McClellan Oscillator is a popular market breadth indicator developed by Sherman and Marian McClellan in 1969. It is also used by traders to make sense of short-term events in the stock market.
The McClellan Oscillator is computed by subtracting a 39-day Expnential Moving Average (EMA) from a 19-day EMA.
Oscillator = (19 Day EMA of Advances less Declines) – (39 Day EMA of Advances less Declines)
It is plotted against the New York Stock Exchange or Nasdaq to monitor the rate of selling and buying conditions in the market.
When the indicator is POSITIVE, it means money is flowing to the market. When the indicator is NEGATIVE, it means money is flowing out of the market.
The prices of stock move up and down every single day. It is a waging battle between the bulls and bears. The volume and velocity of stocks determine the investor’s attitude towards the market and the prices. Breadth is the number of stocks that move with the up and down of the market. When most of the stocks are moving up, the market is being BULLISH. When most of the stocks are down, the market is being BEARISH.
Swing traders attempt to gain from a stock within one to four days. They hold their positions longer than a single day. They are concerned with short-term price momentum. Using the McClellan Oscillator, a BUY signal is when the indicator gets into the -50 to -100 range and then goes up. A SELL signal is when the indicator is between +50 and +100 and then goes down.
Momentum traders are concerned about stocks that move significantly in one direction and in high volumes. The duration of their positions vary from minutes to days according to how the stock moves and changes direction. They jump aboard the stocks with highest volume to gain a profit.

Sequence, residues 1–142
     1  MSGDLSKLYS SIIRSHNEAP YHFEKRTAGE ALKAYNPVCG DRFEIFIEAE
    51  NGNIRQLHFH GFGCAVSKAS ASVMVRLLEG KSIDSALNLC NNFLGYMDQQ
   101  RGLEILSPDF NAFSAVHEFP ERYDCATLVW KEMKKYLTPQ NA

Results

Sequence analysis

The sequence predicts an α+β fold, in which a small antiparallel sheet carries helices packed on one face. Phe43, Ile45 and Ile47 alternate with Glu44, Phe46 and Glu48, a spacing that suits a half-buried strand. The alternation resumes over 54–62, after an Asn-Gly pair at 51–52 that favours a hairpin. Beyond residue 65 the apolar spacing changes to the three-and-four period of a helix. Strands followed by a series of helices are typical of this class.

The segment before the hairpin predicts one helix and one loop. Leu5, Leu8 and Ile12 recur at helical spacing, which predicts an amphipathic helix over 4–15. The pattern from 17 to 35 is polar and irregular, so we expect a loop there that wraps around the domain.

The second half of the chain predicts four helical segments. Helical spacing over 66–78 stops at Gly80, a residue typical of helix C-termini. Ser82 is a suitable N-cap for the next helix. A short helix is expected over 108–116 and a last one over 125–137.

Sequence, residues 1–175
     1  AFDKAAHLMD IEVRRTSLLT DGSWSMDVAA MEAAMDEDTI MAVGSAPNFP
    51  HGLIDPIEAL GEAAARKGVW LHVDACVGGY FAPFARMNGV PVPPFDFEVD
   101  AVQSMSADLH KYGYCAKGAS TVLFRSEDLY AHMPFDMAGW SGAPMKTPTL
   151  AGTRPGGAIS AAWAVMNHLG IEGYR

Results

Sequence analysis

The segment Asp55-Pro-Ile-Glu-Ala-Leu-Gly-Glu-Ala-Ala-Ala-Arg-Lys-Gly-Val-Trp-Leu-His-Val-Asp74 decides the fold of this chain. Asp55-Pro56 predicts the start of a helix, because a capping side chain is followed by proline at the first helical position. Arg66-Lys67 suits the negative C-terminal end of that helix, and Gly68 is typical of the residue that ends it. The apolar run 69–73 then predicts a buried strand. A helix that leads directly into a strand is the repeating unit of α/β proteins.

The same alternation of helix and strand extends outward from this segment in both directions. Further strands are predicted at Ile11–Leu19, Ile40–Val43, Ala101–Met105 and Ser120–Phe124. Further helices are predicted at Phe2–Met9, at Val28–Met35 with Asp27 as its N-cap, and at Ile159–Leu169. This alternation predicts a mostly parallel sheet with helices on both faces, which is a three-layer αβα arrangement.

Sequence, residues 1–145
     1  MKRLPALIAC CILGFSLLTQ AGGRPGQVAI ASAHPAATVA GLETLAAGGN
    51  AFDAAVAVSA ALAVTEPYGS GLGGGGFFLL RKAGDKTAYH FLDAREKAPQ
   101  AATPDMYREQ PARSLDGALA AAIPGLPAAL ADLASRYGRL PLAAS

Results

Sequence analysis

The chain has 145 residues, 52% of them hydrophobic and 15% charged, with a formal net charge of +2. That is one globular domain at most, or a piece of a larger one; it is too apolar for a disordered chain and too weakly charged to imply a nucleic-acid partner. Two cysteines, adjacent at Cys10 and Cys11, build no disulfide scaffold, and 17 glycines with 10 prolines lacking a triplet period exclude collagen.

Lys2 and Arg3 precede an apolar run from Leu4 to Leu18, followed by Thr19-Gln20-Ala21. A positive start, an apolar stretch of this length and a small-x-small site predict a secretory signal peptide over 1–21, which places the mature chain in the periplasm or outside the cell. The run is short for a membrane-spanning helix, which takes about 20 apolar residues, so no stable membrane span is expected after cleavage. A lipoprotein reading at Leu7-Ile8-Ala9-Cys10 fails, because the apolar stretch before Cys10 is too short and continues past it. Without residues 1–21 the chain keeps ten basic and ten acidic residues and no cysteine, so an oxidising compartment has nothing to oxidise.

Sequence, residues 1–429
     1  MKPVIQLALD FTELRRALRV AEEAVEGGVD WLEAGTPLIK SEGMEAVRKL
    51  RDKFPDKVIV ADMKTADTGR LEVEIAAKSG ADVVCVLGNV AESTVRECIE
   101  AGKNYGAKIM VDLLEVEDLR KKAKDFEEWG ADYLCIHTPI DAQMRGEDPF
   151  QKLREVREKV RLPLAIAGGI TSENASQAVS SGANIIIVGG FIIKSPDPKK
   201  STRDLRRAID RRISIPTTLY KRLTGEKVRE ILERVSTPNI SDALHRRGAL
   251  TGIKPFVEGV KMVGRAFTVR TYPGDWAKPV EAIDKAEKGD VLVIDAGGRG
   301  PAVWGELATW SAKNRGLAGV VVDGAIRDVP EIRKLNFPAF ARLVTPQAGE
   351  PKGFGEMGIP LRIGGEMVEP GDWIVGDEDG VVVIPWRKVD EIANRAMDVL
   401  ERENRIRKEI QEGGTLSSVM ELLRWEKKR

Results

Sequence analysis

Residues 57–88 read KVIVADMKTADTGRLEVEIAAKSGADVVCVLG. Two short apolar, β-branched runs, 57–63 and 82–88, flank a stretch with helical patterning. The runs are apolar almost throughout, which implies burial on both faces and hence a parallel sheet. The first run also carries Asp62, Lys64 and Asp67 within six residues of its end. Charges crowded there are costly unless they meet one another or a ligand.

In this case, a BUY signal is when the oscillator is above 0. While a SELL signal is when the oscillator is below 0.
For long-term investors, the McClellan Summation Index is more useful. It is the composite of all the McClellan Oscillators.
The McClellan Summation Index exposes bearish and bullish divergence. For example, if market is exhibiting rising peaks and troughs, the McClellan might show declining peaks and troughs. This is a BEARISH DIVERGENCE.
On the other hand, if the market is declining, the oscillator might show rising peaks and troughs. This is a BULLISH DIVERGENCE.
Usually, we rely on business pages and business channels to tell us whether the market is doing well or otherwise. It gives us a general perception of the health of the market. However, rising stock prices might be driven by just a small number of very popular stocks. So, the next time the news tells you the market is rising, check out your McClellan Oscillator to make true sense of the market and to gain a good profit.
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